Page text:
Hacking the Human Brain: The Next Domain of Warfare
By Chloe Diggins and Clint Arizmendi
December 14, 2012 "Wired" -- It’s been fashionable in military circles to talk about cyberspace as a “fifth domain” for warfare, along with land, space, air and sea. But there’s a sixth and arguably more important warfighting domain emerging: the human brain.
This new battlespace is not just about influencing hearts and minds with people seeking information. It’s about involuntarily penetrating, shaping, and coercing the mind in the ultimate realization of Clausewitz’s definition of war: compelling an adversary to submit to one’s will. And the most powerful tool in this war is brain-computer interface (BCI) technologies, which connect the human brain to devices.
Current BCI work ranges from researchers compiling and interfacing neural data such as in the Human Conectome Project to work by scientists hardening the human brain against rubber hose cryptanalysis to technologists connecting the brain to robotic systems. While these groups are streamlining the BCI for either security or humanitarian purposes, the reality is that misapplication of such research and technology has significant implications for the future of warfare.
Where BCIs can provide opportunities for injured or disabled soldiers to remain on active duty post-injury, enable paralyzed individuals to use their brain to type, or allow amputees to feel using bionic limbs, they can also be exploited if hacked. BCIs can be used to manipulate … or kill.
Recently, security expert Barnaby Jack demonstrated the vulnerability of biotechnological systems by highlighting how easily pacemakers and implantable cardioverter-defibrillators (ICDs) could be hacked, raising fears about the susceptibility of even life-saving biotechnological implants. This vulnerability could easily be extended to biotechnologies that connect directly to the brain, such as vagus nerve stimulation or deep-brain stimulation.
Outside the body, recent experiments have proven that the brain can control and maneuver quadcopter drones and metal exoskeletons. How long before we harness the power of mind-controlled weaponized drones – or use BCIs to enhance the power, efficiency, and sheer lethality of our soldiers?
Given that military research arms such as the United States’ DARPA are investing in understanding complex neural processes and enhanced threat detection through BCI scan for P300 responses, it seems the marriage between neuroscience and military systems will fundamentally alter the future of conflict.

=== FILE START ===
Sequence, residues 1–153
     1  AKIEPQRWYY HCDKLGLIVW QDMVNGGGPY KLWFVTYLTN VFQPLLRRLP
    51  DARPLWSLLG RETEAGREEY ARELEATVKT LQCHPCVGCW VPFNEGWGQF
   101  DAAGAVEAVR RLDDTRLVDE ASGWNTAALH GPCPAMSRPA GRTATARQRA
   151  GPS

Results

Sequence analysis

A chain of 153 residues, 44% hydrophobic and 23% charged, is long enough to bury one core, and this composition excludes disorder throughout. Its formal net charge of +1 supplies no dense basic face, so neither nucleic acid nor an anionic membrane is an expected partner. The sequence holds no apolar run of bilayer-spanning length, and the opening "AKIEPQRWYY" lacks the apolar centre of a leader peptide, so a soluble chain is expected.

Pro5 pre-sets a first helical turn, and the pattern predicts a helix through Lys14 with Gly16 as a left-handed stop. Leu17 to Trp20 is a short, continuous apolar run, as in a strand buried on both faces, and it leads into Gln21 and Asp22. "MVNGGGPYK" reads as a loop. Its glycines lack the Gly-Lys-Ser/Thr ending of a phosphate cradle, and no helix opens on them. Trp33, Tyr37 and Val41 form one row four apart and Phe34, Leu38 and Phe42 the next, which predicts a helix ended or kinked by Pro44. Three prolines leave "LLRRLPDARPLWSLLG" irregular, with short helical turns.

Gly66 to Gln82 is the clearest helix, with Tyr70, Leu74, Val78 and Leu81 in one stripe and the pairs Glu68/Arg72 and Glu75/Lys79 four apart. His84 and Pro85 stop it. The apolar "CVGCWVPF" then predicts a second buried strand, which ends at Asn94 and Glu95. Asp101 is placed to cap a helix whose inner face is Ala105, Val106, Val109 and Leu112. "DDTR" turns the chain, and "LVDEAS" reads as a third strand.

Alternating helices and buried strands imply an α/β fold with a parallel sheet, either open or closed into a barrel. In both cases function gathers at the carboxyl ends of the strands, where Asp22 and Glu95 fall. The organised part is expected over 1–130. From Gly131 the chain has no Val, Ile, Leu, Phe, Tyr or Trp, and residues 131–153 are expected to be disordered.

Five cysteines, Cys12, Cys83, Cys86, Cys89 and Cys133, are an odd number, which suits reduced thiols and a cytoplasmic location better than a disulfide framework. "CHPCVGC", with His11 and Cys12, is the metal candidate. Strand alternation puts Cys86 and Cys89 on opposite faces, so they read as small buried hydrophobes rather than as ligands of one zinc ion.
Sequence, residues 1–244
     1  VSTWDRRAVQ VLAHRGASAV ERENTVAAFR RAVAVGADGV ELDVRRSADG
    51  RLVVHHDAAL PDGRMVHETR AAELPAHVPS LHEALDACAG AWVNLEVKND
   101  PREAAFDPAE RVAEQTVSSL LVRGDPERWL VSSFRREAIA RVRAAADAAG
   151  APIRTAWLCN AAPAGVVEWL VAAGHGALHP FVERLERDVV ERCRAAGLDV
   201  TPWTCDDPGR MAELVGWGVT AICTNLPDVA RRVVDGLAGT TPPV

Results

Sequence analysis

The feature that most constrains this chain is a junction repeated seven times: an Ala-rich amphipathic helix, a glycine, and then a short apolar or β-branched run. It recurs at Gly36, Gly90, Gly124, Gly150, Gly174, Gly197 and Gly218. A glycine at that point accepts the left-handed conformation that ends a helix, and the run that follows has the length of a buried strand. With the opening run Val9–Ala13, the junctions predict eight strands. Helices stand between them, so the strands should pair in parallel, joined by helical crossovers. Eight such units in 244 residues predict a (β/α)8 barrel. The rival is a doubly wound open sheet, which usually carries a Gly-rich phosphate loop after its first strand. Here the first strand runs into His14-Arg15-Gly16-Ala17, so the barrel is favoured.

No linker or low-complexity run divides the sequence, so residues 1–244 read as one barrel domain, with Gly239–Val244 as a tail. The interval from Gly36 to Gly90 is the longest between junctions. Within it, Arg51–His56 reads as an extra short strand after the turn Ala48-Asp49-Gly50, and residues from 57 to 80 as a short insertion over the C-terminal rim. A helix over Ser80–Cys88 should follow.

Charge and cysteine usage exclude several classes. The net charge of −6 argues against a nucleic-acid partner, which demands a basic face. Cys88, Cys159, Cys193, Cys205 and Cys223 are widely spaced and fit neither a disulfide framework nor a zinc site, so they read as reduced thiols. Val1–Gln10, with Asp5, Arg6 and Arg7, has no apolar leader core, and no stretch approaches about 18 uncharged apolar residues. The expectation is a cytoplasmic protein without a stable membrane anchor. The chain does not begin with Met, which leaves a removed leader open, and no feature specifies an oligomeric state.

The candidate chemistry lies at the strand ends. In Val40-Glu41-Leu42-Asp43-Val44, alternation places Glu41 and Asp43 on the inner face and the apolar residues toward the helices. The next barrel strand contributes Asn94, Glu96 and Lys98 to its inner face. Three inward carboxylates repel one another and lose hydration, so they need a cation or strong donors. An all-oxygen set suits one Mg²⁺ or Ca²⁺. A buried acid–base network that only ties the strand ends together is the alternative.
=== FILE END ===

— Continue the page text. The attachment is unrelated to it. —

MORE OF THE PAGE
And it is here that military researchers need to harden the systems that enable military application of BCIs. We need to prevent BCIs from being disrupted or manipulated, and safeguard against the ability of the enemy to hack an individual’s brain.
The possibilities for damage, destruction, and chaos are very real. This could include manipulating a soldier’s BCI during conflict so that s/he were forced to pull the gun trigger on friendlies, install malicious code in his own secure computer system, call in inaccurate coordinates for an air strike, or divulge state secrets to the enemy seemingly voluntarily. Whether an insider has fallen victim to BCI hacking and exploits a system from within, or an external threat is compelled to initiate a physical attack on hard and soft targets, the results would present major complications: in attribution, effectiveness of kinetic operations, and stability of geopolitical relations.
Like every other domain of warfare, the mind as the sixth domain is neither isolated nor removed from other domains; coordinated attacks across all domains will continue to be the norm. It’s just that military and defense thinkers now need to account for the subtleties of the human mind … and our increasing reliance upon the brain-computer interface.
Regardless of how it will look, though, the threat is real and not as far away as we would like – especially now that researchers just discovered a zero-day vulnerability in the brain.
Chloe Diggins and Clint Arizmendi are research & analysis officers at the Australian army’s Land Warfare Studies Centre. The views expressed are their own and do not reflect those of the Australian Department of Defence or the Australian Government.
This article was originally posted at Wired
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